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Lewes Ripple - Profile

  by Kimberly Bright

published: 9 / 6 / 2021

Lewes Ripple - Profile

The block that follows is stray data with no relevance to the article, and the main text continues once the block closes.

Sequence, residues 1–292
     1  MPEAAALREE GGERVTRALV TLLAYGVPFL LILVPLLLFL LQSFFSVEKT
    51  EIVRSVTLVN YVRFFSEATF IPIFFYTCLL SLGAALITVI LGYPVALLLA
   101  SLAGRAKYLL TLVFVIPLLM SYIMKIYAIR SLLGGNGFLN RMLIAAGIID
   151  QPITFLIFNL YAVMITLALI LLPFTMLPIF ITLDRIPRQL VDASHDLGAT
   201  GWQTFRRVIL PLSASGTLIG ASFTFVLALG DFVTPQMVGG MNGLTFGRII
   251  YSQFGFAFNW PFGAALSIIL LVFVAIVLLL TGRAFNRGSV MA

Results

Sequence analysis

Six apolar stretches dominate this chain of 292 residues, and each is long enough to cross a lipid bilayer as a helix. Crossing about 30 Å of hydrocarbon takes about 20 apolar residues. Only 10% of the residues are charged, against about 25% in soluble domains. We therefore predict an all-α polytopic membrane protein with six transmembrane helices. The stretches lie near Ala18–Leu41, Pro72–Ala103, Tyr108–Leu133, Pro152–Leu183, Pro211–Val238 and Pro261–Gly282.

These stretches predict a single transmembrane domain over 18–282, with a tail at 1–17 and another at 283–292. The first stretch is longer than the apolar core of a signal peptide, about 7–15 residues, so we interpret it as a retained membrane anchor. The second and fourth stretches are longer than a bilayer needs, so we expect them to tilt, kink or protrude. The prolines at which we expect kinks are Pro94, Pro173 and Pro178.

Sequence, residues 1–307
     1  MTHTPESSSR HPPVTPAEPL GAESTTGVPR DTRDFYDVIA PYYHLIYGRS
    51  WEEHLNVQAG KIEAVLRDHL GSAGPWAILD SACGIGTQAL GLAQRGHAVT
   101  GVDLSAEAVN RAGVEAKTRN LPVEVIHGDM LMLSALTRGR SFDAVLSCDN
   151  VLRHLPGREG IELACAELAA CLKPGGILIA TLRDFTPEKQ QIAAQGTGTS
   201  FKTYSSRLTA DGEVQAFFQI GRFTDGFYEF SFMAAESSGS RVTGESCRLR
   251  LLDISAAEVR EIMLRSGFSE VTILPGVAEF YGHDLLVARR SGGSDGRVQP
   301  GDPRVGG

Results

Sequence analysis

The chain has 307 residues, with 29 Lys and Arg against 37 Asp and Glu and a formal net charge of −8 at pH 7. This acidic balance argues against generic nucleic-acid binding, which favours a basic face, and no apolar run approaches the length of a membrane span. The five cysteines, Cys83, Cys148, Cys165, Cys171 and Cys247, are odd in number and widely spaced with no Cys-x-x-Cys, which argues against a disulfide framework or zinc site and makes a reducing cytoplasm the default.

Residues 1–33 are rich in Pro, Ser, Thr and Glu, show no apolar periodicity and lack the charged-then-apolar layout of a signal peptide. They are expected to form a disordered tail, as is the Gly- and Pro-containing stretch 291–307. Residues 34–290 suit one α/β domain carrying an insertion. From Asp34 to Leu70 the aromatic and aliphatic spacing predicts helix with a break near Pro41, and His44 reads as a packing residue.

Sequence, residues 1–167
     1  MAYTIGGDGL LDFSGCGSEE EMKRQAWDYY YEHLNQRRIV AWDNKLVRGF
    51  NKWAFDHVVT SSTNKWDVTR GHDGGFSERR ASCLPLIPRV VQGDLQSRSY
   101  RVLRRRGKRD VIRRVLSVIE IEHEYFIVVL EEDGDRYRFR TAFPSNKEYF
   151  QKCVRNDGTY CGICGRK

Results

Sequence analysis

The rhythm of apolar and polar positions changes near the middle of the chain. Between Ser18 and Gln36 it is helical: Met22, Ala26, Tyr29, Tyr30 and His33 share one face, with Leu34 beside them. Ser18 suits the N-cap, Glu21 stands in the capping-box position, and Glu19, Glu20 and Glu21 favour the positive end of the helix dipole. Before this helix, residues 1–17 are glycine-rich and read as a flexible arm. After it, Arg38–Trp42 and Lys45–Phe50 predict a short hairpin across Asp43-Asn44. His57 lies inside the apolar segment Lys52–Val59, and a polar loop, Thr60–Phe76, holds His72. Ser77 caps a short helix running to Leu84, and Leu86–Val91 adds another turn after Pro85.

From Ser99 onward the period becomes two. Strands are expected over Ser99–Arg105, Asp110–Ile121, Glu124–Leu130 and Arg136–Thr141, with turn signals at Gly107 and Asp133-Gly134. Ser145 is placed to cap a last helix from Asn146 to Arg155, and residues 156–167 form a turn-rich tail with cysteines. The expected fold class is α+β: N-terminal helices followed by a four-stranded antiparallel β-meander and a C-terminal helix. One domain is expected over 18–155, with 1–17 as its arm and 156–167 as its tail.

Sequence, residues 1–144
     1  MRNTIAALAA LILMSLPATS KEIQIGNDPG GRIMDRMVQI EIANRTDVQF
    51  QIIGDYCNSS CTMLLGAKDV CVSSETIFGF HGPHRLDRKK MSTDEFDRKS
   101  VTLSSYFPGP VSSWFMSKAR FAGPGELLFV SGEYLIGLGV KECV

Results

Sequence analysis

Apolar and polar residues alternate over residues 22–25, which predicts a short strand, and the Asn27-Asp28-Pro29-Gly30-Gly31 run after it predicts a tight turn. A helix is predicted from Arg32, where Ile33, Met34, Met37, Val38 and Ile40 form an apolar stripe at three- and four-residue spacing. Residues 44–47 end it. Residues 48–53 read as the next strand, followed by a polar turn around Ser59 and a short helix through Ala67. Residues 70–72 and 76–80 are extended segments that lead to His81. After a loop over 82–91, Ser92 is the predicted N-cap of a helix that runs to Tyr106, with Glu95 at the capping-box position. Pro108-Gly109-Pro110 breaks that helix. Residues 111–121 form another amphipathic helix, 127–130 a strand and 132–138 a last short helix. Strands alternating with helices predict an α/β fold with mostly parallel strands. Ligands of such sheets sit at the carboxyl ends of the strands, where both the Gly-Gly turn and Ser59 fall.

Kimberly Bright examines The Lewes Ripple, a community of musicians from the small town of Lewes in Sussex, who after a planned week-long multi-venue festival was cancelled there due to the pandemic, have set up an inventive YouTube channel to promote their music.